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Homebrew Cnc Machine (for Cutting/engraving)

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kd8wdave

H-M Supporter - Gold Member
H-M Supporter - Gold Member ($25)
Joined
Mar 5, 2013
Messages
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Hi all, Have not posted much. Usually don't as others do a better job than I in most cases.
I have built from scratch a CNC simple machine. Here's what it looked like with the 'old dremel tool' I've had for 50 years as its spindle drive. Further down you can see the new spindle mounted.
CNC-Overview.jpg
The 'frame' is 1" black-iron pipe. The X & Z axis are my creations, and the Y-axis is a commercial guide given to me by a neighbor. My X & Z axis are 20 TPI 1/4-20 thread rod. Not the best threadrod, just what you can get from any hardware store. The Y axis is 4.25 TPI commercial guide with ball-bearings. The basic configuration is a Desktop(via USB port) downloads the 'g-code' file to the ARDUINO-UNO control module mounted on the vertical board on the rear of the CNC frame.
The "Z-axis" stepper controller & Dual H bridge driver are shown below.
ZAxis-NewCard.jpg The Arduino generates STEP/DIRECTION commands to each axis based on the 'g-code' passed. These commands are passed to three 'controllers' which I made. These controllers take the step/direction commands and converts them into a parallel string (4 bits wide) in a timing pattern that goes to the dual-H-bridge drivers , which in turns sends the pulses to actually drive the stepper motors. The 'Grbl' software handles the acceleration/deceleration functions, based on all of its 'tuning' parameters. [I only use the FULL-STEP mode as the stepper mode, because it gives the maximum torque!] My steppers are 1.8 deg/step or 200 step/rev, and the axes are 20 TPI and 4.25 TPI. The controllers use a PIC16F628(A) microprocessor as the control interface and the PIC software is written in assembler. I had some issues with electrical noise using my old dremel tool, but have been able to eliminate the noise issues with primarily software in the PIC's. All three PIC-boards are identical so far, so only one program to maintain for these.
I have the new spindle mounted and I really like the way it works. The design allows me to change spindle heads if I need to (aka a bigger one later!).
I am a retired(72 yr old) guy who used to work in process-control and networking in a steel mill. Now I spend time on my lathe, this machine and 'amateur radio' such as the wife puts up with me.

cheers

Was not sure where to put this, so just added to end of this one.
Here are a couple of pics showing the new spindle motor mounted on my machine.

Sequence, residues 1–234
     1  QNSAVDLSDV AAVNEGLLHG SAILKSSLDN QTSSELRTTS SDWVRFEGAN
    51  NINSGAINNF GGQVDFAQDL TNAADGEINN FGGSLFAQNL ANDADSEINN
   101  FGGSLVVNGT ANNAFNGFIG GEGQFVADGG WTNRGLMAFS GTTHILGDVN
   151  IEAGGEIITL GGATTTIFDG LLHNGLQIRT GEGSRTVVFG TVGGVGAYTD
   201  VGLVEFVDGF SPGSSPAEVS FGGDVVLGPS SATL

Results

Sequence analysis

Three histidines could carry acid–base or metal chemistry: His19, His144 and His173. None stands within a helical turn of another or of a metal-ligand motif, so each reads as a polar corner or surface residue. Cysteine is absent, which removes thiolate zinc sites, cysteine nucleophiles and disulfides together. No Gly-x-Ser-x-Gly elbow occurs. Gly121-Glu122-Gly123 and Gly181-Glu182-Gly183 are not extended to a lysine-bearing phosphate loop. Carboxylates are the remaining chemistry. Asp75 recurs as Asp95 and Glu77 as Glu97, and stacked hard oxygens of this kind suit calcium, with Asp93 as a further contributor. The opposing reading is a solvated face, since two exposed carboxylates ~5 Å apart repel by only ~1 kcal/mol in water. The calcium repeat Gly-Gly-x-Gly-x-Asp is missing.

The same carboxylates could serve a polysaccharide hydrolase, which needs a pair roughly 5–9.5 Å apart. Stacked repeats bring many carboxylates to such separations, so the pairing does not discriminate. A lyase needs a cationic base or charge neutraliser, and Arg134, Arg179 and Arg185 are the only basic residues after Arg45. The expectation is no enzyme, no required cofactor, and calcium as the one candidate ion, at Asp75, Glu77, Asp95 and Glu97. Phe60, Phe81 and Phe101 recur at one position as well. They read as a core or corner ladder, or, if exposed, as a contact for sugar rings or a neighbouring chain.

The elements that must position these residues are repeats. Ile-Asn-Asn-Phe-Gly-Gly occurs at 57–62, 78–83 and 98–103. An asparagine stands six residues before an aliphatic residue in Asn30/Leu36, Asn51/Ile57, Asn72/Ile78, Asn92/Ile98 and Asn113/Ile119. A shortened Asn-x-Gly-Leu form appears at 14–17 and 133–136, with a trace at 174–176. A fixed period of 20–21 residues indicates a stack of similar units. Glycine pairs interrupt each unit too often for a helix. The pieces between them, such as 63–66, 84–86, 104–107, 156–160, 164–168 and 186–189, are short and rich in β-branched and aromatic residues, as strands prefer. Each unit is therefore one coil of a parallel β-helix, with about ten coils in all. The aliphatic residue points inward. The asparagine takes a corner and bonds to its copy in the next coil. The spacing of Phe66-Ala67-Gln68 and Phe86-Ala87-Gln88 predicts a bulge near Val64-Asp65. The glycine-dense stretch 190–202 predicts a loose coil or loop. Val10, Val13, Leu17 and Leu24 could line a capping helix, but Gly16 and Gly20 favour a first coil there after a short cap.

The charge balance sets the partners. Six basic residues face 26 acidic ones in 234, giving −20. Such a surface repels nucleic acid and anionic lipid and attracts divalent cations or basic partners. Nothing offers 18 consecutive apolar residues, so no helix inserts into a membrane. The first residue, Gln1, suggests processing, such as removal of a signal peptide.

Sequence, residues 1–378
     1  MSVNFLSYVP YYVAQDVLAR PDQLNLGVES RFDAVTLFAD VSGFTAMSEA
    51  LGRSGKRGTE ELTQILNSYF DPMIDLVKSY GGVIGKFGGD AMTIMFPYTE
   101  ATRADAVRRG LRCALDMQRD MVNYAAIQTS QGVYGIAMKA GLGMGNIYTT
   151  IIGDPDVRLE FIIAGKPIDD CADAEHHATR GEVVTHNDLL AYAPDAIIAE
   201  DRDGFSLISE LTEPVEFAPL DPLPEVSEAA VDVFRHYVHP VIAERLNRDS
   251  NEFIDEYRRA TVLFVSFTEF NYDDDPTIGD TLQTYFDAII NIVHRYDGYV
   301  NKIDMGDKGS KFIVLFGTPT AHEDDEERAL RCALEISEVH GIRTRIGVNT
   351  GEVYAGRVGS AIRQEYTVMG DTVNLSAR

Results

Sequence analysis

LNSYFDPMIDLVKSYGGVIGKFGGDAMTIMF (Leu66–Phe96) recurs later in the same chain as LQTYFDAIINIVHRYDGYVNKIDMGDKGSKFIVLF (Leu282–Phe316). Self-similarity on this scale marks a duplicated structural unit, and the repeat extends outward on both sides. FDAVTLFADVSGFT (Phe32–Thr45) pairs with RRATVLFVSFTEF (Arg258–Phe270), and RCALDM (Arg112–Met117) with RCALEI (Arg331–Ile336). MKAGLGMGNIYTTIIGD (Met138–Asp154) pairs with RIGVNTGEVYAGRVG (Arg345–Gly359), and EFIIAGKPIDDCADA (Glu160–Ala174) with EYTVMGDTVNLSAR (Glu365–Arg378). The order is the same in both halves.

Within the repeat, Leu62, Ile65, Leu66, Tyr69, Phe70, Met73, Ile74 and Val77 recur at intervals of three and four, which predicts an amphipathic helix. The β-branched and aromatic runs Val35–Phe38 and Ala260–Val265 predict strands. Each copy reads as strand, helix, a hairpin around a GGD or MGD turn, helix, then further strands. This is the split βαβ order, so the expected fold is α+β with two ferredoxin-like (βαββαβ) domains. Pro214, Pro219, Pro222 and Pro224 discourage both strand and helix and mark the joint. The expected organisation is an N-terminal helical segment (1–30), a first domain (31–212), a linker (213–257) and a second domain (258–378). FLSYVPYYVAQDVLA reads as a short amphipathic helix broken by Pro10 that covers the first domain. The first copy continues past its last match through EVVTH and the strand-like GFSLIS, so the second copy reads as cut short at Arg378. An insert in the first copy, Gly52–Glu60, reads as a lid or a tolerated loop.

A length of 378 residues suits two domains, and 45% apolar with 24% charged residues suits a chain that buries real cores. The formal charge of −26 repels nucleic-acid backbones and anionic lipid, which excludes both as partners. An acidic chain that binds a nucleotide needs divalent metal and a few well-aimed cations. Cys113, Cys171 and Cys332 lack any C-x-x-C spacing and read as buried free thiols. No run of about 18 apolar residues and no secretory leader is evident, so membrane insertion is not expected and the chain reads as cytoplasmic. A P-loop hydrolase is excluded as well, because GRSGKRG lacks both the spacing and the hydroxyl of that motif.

Found out I can drive this as an AC or DC . Now I'm using a simple 'household' triac wall switch to control the speed. I have not yet put in a switch for the Arduino to turn it off/on, because my 'Grbl software' doesn't provide variable speed, but does provide ON/OFF only.
Just been lazy getting the ON/OFf working.

Spindle 002.jpg
Spindle 001.jpg
I have found I can generate appropriate 'G-code' using a program called 'Inkscape', Open Office spreadsheet and some small amount of editing. I think its important to realize that the size of stepper, the material being cut, the type of cutting bit, machine size, all will affect the capability of the machine. I run my machine at slower speeds than normal, which is okay for me. I want it to run without missing OR acquiring any additional steps needed. I'm not familiar with any of the commercial CNC products, as I built my own system. I believe the controllers I built are capable of handling any stepper because they simply supply the full wave pattern to the 'H-bridge' controllers. Only increasing the motor size substantially would require me to change 'H-bridge ' units.

Feel free to ask/comment on any thing pertaining to this system.

kd8wdave
 
Last edited:

Hidyn

Active Member
Registered
Joined
Nov 4, 2015
Messages
42
This is absolutely outstanding and I love it! Well done!

I'm building my own as well, but I'm spending the extra to get professionally made and programmed stepper drivers. I know that when I complete this project, there will be a LOT of trouble shooting, especially with the software, and I wanted my drivers to work, work well and work right out of the box.

Software is the hardest part for me and I heartily commend you on doing a lot of it yourself. Personally, building code from scratch for a project with this many other variables is beyond me.

Once again, congratulations on a job well done!
 

kd8wdave

H-M Supporter - Gold Member
H-M Supporter - Gold Member ($25)
Joined
Mar 5, 2013
Messages
19
This is absolutely outstanding and I love it! Well done!

I'm building my own as well, but I'm spending the extra to get professionally made and programmed stepper drivers. I know that when I complete this project, there will be a LOT of trouble shooting, especially with the software, and I wanted my drivers to work, work well and work right out of the box.

Software is the hardest part for me and I heartily commend you on doing a lot of it yourself. Personally, building code from scratch for a project with this many other variables is beyond me.

Once again, congratulations on a job well done!
Appreciate the compliment, Thanks
 
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